Note: To protect the privacy of our members, e-mail addresses have been removed from the archived messages. As a result, some links may be broken.

Lesson Plans


Computers and Art


From: Debra Kozak (berkana)
Date: Sun Jul 30 2000 - 06:25:29 PDT

  • Next message: Dave Wuerffel: "Re: Art education censorhsip"

    Since I am starting an art program for K-8 from scratch, I am pleased
    just to have an art room and a sufficient supply of traditional art
    materials. However, as I am also married to a man who is a computer
    geek making a good income in IS, I understand the importance of computer
    literacy and proficiency. I have not yet had a chance to see my
    school's computer lab but, as it is a parochial school, it may be a
    hodgepodge of various computers that have been donated or purchased a
    few at a time. I am bringing an old Mac Centris 610 in to keep in my
    classroom. It has been upgraded to its maximum capacity by my husband.
    I plan to use it to access art sites for all grades and do a little
    photo manipulation with the 7th and 8th grade classes. Hopefully, in
    the future I will be able to do more with the creation of art on
    computers.

    Although I fully understand the importance of students learning to use
    computers to make art...especially in today's world...my personal
    experience with computers in the creation of art, both fine and graphic,
    is somewhat negative. Due to the need to have health insurance, I
    worked as a receptionist for several years at a bottle distributor. The
    company had a one-woman, in-house art department. The administration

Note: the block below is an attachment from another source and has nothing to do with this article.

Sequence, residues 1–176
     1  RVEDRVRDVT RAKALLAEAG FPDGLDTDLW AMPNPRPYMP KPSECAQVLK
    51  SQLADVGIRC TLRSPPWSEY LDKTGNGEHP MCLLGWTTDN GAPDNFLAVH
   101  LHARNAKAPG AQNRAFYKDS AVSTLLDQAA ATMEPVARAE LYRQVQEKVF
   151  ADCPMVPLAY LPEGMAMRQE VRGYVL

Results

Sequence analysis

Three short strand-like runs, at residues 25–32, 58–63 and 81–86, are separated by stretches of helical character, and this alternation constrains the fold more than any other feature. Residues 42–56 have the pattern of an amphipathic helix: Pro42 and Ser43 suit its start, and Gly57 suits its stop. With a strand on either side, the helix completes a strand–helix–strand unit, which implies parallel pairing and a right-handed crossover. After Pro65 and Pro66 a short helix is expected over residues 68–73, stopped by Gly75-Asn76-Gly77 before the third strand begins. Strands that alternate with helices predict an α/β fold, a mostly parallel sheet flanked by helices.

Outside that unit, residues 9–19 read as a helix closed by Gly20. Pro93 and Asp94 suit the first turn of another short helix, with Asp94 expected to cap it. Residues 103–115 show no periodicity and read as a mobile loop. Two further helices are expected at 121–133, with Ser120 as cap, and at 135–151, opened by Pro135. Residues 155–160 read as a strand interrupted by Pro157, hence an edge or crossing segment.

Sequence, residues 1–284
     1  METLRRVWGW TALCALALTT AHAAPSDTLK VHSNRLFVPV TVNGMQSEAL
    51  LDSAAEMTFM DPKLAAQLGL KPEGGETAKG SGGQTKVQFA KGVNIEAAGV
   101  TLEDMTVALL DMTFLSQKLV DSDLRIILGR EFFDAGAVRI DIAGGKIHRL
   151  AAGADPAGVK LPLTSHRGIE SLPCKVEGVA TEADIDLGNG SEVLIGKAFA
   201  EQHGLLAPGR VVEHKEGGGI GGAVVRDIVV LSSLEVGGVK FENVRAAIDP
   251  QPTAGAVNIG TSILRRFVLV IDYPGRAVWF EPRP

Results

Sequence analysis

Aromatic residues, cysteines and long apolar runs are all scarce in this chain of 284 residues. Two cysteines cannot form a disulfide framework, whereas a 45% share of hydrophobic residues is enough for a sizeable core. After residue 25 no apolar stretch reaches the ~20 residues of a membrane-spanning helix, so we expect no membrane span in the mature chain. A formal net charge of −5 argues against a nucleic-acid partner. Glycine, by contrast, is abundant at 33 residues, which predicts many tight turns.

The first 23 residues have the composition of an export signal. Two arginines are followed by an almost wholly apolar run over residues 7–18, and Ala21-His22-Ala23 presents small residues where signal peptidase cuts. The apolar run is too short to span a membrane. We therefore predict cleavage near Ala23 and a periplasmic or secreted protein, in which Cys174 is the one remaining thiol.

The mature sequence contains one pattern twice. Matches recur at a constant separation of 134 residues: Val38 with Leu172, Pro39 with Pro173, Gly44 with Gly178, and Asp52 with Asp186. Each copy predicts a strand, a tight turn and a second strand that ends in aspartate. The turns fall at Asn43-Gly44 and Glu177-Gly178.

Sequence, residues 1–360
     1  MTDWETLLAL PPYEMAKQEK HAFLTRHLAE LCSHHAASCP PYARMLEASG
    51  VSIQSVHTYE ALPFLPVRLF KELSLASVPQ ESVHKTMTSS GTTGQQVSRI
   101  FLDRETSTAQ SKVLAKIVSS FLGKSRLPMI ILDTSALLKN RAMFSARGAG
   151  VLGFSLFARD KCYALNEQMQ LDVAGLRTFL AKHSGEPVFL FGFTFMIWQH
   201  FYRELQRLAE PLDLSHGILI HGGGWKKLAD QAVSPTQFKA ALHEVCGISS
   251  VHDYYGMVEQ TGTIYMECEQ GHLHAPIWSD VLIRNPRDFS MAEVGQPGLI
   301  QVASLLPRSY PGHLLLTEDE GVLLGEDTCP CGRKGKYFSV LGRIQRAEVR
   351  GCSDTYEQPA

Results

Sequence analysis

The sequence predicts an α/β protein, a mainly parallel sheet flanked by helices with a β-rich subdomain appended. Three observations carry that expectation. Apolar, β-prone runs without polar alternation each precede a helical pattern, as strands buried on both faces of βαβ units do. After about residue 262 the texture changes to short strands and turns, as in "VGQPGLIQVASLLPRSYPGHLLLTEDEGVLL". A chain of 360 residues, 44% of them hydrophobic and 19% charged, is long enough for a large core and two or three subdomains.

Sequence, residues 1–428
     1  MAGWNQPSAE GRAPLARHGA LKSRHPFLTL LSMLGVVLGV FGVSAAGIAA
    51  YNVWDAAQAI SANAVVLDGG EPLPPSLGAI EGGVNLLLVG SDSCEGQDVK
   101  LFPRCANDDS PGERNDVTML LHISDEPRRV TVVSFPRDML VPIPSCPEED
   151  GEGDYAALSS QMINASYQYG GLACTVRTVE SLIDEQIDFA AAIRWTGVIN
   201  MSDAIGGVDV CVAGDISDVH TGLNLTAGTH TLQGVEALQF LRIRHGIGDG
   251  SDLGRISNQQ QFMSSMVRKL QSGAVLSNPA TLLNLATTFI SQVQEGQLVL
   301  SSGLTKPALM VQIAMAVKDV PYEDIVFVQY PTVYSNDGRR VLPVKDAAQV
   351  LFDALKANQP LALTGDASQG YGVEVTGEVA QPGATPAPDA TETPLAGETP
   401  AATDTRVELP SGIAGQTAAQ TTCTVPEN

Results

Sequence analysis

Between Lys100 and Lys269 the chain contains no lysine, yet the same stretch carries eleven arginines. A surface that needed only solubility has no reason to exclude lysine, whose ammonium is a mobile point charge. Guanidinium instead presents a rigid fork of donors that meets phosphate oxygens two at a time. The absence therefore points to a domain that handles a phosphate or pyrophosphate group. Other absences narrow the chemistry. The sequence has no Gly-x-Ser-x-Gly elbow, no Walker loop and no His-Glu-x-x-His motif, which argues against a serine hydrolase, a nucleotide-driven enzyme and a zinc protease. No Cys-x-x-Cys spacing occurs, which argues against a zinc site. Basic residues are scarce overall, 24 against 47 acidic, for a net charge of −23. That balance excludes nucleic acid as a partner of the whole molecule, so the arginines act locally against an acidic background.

knew I was a qualified artist and had promised me that if there was ever
    an opening in the art department, I would be informed so that I could
    interview for it. However, when an opening did occur, rather than hire
    an artist, the company went with someone who was merely experienced in
    the software as "anyone can do art on a computer". I quit working for
    that company shortly thereafter.

    The other problem for me, personally, is that I cannot sit in front of a
    computer for more than an hour at a time due to neck problems and
    arthritis. Sitting still causes me a great deal of discomfort. I
    pretty much limit my time on the computer to viewing e-mail and
    searching the Internet for useful information. Therefore, I have never
    spent any appreciable time creating art on the computer. I have never
    had an epiphany concerning this particular medium. In fact, I have
    begun creating work that uses traditional materials such as slaked
    plaster gesso and egg tempera. Encaustic painting is on my art "to-do"
    list. But, as I previously stated, computer art is here to stay and
    does have its own strengths. Therefore, I will continue to learn and
    teach its methods.

    Deb K.
    Elyria, OH

    ---
    



    This archive was generated by hypermail 2b29 : Sun Jul 30 2000 - 06:26:50 PDT